August 2004. The public’s right to paddle on
For the past 12 years the
Appeals by environmental groups have led the courts to determine: 1) the state can't cheaply sell off the streambeds because that would violate the gift clause of the state constitution; 2) streambeds are a special type of real estate that the state, as trustee, has an obligation to protect; and 3) the state must act cautiously and fairly in determining which watercourses it has authority over.
Who owns our riverbeds?
This issue surfaced in 1985 when the state challenged a sand and gravel operator as to the ownership of the streambed he was mining. The judge reviewing the case was unable to determine ownership of the streambed because the state hasn't decided which streams were navigable at statehood. When territories enter the
To spearhead the process of determining which streams are under our state's control, the legislature established a 5-member commission in 1992 called the Arizona Navigable Streams Adjudication Commission ("ANSAC"). Title to the bed of navigable streams or lakes passed to the state in 1912 upon admission into the
There are some difficult issues that ANSAC is wrestling with. What defines a "navigable watercourse?" The Appellate Court in 2001 said that the legislature had created an impossibly strict definition contrary to the accepted federal definition used as far back as 1846. Currently, the legislature has declared in statute that it means "a watercourse that was in existence on February 14, 1912 and at that time was used or was susceptible to being used, in its ordinary and natural condition, as a highway for commerce, over which trade and travel were or could have been conducted in the customary modes of trade and travel on water." A federal definition states that rivers navigable in fact are to be regarded as public navigable rivers in law. Despite the federal definition, ANSAC still appears to dismiss actual boating as a sign of navigability.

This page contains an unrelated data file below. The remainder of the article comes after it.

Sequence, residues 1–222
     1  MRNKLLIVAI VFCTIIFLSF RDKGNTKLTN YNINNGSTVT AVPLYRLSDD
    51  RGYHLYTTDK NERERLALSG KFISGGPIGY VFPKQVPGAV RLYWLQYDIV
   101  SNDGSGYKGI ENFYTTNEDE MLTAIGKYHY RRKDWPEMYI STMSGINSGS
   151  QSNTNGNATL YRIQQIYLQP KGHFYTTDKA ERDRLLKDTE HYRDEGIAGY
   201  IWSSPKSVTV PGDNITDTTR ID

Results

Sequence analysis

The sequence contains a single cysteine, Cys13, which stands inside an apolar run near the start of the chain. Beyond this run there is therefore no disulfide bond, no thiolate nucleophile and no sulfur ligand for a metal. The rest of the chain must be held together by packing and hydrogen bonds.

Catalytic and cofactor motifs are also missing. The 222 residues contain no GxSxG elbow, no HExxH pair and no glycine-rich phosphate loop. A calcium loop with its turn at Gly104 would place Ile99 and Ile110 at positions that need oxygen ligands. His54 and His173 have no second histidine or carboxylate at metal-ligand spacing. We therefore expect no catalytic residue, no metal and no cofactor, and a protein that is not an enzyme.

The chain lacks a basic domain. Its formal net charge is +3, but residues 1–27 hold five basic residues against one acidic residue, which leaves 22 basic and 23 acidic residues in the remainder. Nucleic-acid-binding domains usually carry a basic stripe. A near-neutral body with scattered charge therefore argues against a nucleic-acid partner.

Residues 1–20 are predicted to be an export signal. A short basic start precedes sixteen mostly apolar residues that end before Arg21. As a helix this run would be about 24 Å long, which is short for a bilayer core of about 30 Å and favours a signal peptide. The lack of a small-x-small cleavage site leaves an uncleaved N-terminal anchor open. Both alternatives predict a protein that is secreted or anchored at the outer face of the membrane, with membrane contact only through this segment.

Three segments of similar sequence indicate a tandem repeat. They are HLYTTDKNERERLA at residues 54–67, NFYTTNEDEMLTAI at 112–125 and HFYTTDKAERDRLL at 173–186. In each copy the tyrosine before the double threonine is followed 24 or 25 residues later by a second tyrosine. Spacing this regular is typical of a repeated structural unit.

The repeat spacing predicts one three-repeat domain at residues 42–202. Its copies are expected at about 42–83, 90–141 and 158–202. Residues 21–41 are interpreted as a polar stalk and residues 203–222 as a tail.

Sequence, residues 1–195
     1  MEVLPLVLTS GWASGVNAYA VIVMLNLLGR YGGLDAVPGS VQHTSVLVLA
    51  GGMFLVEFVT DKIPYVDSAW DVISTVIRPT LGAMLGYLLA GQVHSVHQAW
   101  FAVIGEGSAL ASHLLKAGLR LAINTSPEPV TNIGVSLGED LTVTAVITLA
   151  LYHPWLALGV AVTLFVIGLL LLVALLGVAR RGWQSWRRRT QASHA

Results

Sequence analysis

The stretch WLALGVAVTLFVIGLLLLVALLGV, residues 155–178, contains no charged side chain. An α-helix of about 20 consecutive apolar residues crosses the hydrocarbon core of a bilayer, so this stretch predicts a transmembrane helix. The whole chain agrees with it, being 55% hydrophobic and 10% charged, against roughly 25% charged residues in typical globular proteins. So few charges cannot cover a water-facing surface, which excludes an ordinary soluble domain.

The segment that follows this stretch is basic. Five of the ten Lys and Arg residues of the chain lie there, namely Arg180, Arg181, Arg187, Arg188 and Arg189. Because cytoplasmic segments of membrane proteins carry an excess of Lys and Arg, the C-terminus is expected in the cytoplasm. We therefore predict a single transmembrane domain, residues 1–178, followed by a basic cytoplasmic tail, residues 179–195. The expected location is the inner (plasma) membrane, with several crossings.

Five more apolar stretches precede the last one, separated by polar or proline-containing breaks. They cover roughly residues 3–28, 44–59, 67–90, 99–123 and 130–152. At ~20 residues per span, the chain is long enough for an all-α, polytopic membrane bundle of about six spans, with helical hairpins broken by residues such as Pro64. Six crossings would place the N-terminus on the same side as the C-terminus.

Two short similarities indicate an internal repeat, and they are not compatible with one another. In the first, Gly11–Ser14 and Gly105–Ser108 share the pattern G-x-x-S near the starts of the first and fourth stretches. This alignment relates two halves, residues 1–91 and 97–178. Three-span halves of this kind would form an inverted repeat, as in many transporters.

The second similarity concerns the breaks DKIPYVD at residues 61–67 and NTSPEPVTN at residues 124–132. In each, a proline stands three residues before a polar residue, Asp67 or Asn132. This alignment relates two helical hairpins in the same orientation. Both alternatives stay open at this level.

ANSAC has already decided that many of the 39,000 "small watercourses" in the state are not navigable. This includes such boatable watercourses as Tonto Creek,
ANSAC has now begun review of navigability on the Major Watercourses (see list below).
4. Burro Creek
The commissioners still need to deal with the uncomfortable fact that actual boating has occurred on these streams. The push for river and streambed conservation poses a strong challenge to the economically powerful sand and gravel mining and developers of the streambeds.
The commission cannot ignore testimony or evidence that demonstrates actual navigation (that is, boating or even tubing) on
Anyone can comment
Your letter or testimony can help the cause of
Can you relay old family stories, letters, or pictures about boating at the time of early statehood? Send in a copy. It may save a river and stream bank from becoming a gravel pit or commercial development.
You can send your comments about a specific watercourse to the commission at: ANSAC; 1700 W Washington; Room 304;
You do not need to be an
If you prefer, you can use this simple template to submit comments. Use one template for each stream.
1. Stream name:
2. Locations where the trip launched and took out (eg, Beasley Flat to Childs):
3. Year/month or date of trip:
4. Duration of the trip (daytrip, 3 days, etc):
5. Number and types of boats:
6. Number of persons on the trip:
7. Approximate flow level, if you remember (eg, 600 cfs):
8. Other comments about the trip:
For more information, visit the ANSAC website at http://www.azstreambeds.com . It contains the schedule of upcoming hearings, background data concerning the commission, Q&A, a fascinating historical discussion of small watercourses in
If you value your ability to boat on
Give your opinion, and submit your experience for the official record. Review the list of "Major Watercourses" and let them know which ones you have, or could, boat on. Any trip reports you kept would be helpful too. This is important in order to defend your future right to boat on, and to preserve the shape of, our streams. You may find it noteworthy that the Commission is about to allege that the
If you have any questions about this process, please contact Tim Flood, 602-265-4325; firstname.lastname@example.org
River Runners For Wilderness thanks Tim Flood for alerting boaters to this critical need.